Susan had been prescribed an antidepressant, and it helped with her depression a little, but she was still constantly anxious and had difficulty concentrating. Everything seemed "life or death," her performance at work was declining, and she was afraid she would lose her job if things didn't change soon.
When it comes to dealing with "our issues" (unpleasant emotions, events, or thoughts) many of us believe we should just sweep that under the rug and remain positive. "Keep calm and carry on," right? Unfortunately, this kind of attitude can have terrible consequences on our health.
She noticed her pain would completely go away when she was working on changing the direction of her life, but if her boss asked her to take on more responsibility and she agreed, the pain would return.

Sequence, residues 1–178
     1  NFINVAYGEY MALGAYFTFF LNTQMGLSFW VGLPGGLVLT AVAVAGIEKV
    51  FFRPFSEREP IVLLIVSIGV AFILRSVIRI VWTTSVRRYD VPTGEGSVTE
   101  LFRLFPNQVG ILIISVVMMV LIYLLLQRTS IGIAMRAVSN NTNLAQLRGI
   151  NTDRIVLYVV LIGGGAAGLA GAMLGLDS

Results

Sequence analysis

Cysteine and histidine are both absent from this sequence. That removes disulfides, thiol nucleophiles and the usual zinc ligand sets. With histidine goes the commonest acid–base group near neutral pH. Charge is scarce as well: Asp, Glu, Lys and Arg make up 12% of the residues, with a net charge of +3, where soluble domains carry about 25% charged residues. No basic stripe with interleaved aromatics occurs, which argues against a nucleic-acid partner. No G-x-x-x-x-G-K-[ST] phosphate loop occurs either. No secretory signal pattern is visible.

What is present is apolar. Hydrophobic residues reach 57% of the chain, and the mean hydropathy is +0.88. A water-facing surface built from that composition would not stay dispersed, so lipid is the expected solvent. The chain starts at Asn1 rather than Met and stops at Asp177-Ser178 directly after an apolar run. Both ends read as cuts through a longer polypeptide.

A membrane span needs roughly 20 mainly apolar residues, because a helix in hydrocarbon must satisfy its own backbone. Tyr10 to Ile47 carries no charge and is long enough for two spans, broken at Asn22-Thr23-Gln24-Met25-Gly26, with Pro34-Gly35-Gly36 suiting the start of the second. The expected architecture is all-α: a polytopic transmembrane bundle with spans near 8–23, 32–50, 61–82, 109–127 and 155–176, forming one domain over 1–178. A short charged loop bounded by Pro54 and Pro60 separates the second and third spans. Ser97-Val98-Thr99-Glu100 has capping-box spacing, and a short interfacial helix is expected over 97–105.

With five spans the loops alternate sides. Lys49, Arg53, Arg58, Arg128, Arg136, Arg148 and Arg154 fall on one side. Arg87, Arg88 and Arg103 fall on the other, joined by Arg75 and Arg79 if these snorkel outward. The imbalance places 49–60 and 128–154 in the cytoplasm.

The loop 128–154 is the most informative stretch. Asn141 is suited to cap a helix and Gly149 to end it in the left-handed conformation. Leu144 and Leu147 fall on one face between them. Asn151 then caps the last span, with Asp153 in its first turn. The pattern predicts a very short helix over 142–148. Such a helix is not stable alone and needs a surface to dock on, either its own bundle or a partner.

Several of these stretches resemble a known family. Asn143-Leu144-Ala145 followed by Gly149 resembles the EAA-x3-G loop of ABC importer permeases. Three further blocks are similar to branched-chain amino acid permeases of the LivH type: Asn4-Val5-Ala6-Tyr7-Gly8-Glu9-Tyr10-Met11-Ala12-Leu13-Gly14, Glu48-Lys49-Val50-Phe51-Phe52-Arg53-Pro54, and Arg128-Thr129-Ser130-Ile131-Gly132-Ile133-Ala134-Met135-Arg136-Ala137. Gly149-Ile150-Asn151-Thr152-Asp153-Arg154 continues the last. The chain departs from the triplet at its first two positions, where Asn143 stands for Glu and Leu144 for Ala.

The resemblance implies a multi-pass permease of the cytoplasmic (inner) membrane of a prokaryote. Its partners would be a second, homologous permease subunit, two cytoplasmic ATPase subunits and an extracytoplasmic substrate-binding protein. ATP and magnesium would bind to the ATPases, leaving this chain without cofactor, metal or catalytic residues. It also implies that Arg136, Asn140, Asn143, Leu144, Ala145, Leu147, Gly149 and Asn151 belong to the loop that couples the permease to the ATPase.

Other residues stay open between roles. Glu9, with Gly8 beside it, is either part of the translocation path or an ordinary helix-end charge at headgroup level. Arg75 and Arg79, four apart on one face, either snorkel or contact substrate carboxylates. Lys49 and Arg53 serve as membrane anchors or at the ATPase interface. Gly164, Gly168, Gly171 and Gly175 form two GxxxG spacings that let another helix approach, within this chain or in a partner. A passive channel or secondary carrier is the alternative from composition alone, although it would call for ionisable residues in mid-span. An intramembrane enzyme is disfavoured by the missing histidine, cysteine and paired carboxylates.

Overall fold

Our brains, like other organs in our bodies, have changing demands, and they are built to adjust to changes in demand.
Over time, our occasional unhealthy behaviors can become habits, and we feel like we're doing it all wrong. I cannot count how my times I've personally had to start again with eating healthier, meditating/breathing, and exercising more regularly.
I remember the first time I met eyes with the "Dutchman." His stare was steady but soft, tinged with strength and fragility. It was clear he had tasted financial success and fame, but something wasn't all right with him.
The American Psychiatric Association (APA) may soon redefine what we know as grief to depression, if symptoms last more than two weeks. The APA is the agency that literally writes the book on mental disorders, the Diagnostic and Statistical Manual of Mental Disorders or DSM.